When John’s Grandpa passed away earlier this year, the last thing I ever expected was to imagine the happiest of all life events. But in many ways, his funeral ended up reminding me of weddings in China.
Coincidence? Maybe not.
The Chinese phrase hongbai xishi (hóngbáixǐshì or 红白喜事, literally “red-white happy events”) links these two drastically different life celebrations in the same breath, with the “red” symbolizing weddings and the “white” funerals. There are even companies in China who exist solely to supply folks with just about everything they need to put on either a wedding or a funeral, advertising themselves as “hongbai xishi” specialists. Who would have thought a wedding planner could be a funeral planner at the same time? But in China, it’s possible.
Well, here are 6 surprising ways that Grandpa’s funeral resembled the weddings I’ve attended in China:
(NOTE: None of the following photos came from the funeral itself. The family specifically asked that we not photograph anything and, as fascinating as it would have been to share those pictures, we obviously needed to respect those wishes.)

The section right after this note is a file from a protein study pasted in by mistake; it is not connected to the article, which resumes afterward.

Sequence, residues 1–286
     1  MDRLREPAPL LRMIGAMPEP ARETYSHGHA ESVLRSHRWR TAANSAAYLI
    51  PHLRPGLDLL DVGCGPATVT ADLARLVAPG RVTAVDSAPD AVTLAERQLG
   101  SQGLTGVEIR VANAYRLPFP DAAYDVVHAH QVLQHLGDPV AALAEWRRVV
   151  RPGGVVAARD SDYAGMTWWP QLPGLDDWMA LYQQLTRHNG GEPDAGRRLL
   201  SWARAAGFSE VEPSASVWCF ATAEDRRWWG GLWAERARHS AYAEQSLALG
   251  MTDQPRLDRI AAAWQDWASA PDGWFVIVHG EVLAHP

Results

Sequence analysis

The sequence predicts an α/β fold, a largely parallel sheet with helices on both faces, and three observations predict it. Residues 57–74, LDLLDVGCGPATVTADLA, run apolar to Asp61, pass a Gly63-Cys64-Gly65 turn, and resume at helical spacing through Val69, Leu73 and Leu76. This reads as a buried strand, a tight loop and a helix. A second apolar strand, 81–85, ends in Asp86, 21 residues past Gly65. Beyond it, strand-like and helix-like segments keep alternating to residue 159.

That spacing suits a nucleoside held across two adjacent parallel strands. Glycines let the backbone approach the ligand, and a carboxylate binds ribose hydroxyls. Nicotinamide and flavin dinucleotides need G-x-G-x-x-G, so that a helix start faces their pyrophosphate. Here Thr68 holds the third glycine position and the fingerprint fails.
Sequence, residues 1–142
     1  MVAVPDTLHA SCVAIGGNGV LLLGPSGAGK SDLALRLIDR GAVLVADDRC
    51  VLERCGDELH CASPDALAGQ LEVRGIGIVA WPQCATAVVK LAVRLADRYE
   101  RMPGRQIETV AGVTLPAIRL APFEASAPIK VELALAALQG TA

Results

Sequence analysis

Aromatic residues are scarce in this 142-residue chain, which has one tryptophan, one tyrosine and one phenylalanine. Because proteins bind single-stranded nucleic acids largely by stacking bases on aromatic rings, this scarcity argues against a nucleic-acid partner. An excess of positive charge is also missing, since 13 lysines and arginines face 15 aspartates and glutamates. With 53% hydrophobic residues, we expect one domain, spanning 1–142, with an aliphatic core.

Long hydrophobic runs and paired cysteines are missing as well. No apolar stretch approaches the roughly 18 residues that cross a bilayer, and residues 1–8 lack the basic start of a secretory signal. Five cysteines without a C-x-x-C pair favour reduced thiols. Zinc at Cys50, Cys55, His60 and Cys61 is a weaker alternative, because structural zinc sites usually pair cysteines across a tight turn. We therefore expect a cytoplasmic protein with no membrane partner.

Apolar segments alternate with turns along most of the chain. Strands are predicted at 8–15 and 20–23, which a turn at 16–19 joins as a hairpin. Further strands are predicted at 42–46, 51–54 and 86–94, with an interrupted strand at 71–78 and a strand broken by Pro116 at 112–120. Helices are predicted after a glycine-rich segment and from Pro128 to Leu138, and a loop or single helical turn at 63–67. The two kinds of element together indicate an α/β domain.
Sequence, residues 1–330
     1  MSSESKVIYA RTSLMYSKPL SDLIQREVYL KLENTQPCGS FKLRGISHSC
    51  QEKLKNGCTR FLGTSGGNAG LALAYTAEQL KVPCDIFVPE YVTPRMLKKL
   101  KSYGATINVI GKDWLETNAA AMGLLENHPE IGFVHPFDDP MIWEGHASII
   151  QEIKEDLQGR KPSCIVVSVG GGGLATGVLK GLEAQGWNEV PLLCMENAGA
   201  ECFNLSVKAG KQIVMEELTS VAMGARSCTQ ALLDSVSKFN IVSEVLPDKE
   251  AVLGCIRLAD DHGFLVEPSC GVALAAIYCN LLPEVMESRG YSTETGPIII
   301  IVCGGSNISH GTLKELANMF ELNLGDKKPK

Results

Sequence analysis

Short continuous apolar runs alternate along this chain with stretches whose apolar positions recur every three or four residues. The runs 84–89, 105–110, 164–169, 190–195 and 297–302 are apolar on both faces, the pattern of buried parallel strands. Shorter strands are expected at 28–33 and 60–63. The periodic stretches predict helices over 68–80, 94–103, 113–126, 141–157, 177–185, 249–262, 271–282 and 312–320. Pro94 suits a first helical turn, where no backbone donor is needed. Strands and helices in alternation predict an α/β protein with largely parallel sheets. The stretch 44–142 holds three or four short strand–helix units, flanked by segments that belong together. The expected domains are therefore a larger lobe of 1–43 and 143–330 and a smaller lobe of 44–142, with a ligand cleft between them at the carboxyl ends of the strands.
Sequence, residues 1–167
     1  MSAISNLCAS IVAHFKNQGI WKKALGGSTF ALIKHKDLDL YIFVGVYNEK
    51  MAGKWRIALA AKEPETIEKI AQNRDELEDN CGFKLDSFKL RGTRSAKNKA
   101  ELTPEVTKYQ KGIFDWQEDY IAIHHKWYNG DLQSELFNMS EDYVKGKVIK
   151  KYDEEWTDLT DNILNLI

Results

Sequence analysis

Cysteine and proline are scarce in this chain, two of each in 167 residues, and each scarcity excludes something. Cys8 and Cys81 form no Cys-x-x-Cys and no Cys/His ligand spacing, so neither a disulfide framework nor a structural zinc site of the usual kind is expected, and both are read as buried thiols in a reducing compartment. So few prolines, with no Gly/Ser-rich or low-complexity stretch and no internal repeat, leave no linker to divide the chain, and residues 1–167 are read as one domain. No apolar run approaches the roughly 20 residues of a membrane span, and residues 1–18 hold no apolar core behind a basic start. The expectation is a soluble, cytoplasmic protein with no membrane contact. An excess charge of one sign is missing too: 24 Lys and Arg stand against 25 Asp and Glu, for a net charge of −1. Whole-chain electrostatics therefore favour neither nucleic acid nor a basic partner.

1. Banquets, banquets and more banquets
Anyone who has ever attended a wedding in China or tied the knot themselves knows what the real star attraction is for the event – the sumptuous food. Dish after succulent dish of such incredible delicacies (which, incidentally, have without exception made all of the food I’ve ever dined on at weddings in America look like something out of a high school cafeteria line).
Well, based on my experience at John’s grandpa’s funeral, if you’re attending a funeral in China, prepare to chow down at lots of banquets.
When we arrived at Big Uncle’s home that first evening, we discovered his entire first floor had been converted into a huge makeshift banquet hall, complete with the kind of tacky red plastic table covers I’ve come to associate with weddings in John’s rural hometown. In the four-plus days we spent during the funeral, the vast majority of our participation involved crowding around one of these tables with distant relatives or friends, downing the local dishes while battling with the elders for our sobriety (yes, like weddings the alcohol flows a lot!).
We literally sat down to at least seven banquets that week (and there were at least one or two we even missed because we arrived late and left early).
One thing, though. I don’t know if this is true for every funeral in China, but the food we dined on was definitely NOT the best we’ve ever tasted. But let’s face it – this is a funeral and nobody’s coming just for the food, right?
2. Giving money